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Mod Pathol. 2007 Dec;20(12):1217-29. Epub 2007 Sep 14.

Wnt signaling pathway analysis in renal cell carcinoma in young patients.

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Institute of Pathology, University Hospital Basel, Schoenbeinstrasse 40, Basel, Switzerland.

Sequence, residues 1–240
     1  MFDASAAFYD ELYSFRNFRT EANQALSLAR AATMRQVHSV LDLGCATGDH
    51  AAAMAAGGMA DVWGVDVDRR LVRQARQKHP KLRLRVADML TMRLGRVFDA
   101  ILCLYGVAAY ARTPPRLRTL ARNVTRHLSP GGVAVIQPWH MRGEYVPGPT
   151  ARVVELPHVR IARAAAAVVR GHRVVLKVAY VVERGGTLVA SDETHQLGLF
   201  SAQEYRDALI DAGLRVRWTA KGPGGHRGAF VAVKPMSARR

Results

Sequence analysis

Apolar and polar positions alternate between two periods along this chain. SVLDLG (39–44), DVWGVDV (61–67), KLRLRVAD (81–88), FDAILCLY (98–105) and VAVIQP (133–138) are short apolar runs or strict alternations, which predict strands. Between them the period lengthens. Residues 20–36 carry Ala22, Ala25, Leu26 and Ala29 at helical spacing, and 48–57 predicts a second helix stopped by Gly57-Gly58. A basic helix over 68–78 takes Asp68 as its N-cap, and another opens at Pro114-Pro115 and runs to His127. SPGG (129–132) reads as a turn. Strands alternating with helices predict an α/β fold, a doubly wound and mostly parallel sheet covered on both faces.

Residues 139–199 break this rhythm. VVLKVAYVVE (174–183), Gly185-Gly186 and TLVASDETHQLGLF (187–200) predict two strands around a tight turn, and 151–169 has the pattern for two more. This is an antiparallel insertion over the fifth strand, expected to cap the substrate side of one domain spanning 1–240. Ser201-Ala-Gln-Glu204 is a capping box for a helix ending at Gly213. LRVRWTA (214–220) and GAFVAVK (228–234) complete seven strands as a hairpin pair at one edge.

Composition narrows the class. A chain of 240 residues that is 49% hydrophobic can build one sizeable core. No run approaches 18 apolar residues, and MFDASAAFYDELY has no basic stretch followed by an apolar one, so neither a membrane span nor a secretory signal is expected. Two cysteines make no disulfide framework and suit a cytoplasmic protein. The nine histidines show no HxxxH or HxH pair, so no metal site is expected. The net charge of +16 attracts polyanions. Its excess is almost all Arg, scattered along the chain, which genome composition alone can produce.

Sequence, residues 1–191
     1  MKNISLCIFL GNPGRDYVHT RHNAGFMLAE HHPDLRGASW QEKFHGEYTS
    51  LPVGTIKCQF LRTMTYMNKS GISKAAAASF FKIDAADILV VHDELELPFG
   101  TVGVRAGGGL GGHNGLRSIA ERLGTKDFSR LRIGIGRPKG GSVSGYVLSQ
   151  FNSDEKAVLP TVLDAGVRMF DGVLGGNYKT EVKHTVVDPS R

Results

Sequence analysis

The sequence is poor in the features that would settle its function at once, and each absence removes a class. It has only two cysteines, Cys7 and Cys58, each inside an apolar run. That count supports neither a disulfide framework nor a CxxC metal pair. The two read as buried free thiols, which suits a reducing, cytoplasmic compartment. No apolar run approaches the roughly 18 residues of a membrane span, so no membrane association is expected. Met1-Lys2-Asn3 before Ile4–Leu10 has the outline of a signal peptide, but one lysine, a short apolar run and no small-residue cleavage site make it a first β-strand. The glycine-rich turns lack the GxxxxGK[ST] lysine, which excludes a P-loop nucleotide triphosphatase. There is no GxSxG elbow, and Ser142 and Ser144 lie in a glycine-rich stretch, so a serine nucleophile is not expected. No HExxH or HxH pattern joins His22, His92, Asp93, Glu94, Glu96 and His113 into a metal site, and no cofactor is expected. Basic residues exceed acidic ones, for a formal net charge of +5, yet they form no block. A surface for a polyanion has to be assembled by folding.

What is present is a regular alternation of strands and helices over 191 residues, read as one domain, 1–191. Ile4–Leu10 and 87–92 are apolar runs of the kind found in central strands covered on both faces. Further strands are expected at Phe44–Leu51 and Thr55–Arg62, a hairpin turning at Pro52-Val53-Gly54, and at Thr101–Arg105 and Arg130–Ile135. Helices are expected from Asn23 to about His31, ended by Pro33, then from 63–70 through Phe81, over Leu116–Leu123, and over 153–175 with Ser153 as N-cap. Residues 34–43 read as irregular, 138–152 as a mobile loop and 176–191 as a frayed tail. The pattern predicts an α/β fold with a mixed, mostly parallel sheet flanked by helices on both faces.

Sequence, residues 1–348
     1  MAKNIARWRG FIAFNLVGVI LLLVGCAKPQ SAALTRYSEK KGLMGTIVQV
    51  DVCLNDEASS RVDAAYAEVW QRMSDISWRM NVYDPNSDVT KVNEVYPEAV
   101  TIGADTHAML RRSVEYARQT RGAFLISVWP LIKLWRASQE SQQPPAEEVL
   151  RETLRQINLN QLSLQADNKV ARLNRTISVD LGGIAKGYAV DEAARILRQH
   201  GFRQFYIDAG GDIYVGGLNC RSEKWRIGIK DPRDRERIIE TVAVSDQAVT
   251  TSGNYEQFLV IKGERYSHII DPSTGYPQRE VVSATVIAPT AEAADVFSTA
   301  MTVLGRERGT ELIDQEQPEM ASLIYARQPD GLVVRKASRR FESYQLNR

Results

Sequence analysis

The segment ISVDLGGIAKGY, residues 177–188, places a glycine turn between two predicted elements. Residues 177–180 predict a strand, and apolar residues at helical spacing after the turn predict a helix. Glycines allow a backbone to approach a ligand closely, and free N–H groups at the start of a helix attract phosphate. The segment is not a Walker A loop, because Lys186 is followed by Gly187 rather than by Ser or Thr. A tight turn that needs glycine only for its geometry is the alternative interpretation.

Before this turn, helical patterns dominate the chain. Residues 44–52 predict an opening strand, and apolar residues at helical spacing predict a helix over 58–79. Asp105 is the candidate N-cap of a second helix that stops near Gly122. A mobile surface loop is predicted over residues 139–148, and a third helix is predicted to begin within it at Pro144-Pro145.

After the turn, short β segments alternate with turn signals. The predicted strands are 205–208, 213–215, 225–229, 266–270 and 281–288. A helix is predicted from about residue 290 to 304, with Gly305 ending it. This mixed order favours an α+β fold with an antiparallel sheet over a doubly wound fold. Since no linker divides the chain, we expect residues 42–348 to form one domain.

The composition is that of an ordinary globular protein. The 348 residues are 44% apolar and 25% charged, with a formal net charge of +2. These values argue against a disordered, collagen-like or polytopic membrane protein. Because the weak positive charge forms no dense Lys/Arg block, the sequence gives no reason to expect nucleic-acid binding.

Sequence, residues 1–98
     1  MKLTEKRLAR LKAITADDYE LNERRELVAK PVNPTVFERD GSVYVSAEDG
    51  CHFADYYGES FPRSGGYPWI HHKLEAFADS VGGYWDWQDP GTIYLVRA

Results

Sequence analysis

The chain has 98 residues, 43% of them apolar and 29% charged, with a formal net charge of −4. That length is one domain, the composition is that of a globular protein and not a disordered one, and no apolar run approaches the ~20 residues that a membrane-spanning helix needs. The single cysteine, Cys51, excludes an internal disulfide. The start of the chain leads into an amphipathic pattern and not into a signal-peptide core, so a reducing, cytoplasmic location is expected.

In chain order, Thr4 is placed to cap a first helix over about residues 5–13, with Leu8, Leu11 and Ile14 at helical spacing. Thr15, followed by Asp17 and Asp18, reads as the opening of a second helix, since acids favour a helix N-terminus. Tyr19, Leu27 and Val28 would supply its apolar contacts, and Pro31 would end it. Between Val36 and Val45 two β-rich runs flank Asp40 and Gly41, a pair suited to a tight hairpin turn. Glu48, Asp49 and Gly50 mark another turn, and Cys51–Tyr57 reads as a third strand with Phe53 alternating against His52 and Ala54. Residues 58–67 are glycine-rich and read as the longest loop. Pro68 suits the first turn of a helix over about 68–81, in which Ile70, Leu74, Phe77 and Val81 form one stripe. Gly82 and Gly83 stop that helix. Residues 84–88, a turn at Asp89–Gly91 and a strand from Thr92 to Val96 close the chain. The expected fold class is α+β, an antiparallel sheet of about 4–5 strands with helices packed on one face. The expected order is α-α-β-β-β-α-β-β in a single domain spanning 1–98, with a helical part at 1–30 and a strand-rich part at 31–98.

Renal cell carcinomas in young patients constitute a morphologically and genetically heterogeneous group. Twenty percent belong to the newly recognized Xp11.2 translocation-associated family and rare tumors arise from nephroblastoma. Aberrant Wnt signaling through beta-catenin mutation has been implicated in nephroblastoma pathogenesis and has been found to synergize with WT1 mutations. To characterize Wnt signaling activity in renal cell carcinomas in young patients, we gathered 34 tumors (three clear cell, ten Xp11.2 translocation associated, five papillary, two chromophobe, two collecting duct, one neuroblastoma associated, eight unclassified renal cell carcinomas, and three carcinomas combined with nephroblastoma) from patients less than 22 years. Expression of beta-catenin, its homologue gamma-catenin, and of WT1 was assessed by immunohistochemistry in 30 tumors, and sequence analysis of CTNNB1, CTNNG1, and WT1 genes was performed in 25 tumors. Cytoplasmic beta-catenin accumulation was demonstrated in two papillary carcinomas, one neuroblastoma-associated carcinoma, and two carcinomas arising from nephroblastoma. The pattern of gamma-catenin expression paralleled that of beta-catenin but its signal intensity was lower in 22, equal in 7, and stronger only in 1 tumor, respectively. Four tumors showed nuclear WT1 expression. One Xp11.2 translocation-associated carcinoma presented a rare intronic CTNNB1 single nucleotide polymorphism and cytoplasmic beta-catenin accumulation. There were no further CTNNB1 or CTNNG1 sequence alterations. A WT1 mutation was found in the nephroblastoma component of a carcinoma arising from nephroblastoma. These findings suggest Wnt signaling pathway activation only in a minority of renal cell carcinomas in young patients. CTNNB1 mutations are rare events. Cytoplasmic beta-catenin accumulation in an Xp11.2-associated carcinoma suggests potential interaction of Wnt signaling components with microphthalmia transcription factor family also in Xp11.2 translocation carcinomas. WT1 mutation in the nephroblastoma component of a mixed-type renal cell carcinoma provides direct evidence for clonal independence of nephroblastoma and carcinoma components in this exceptional tumor.

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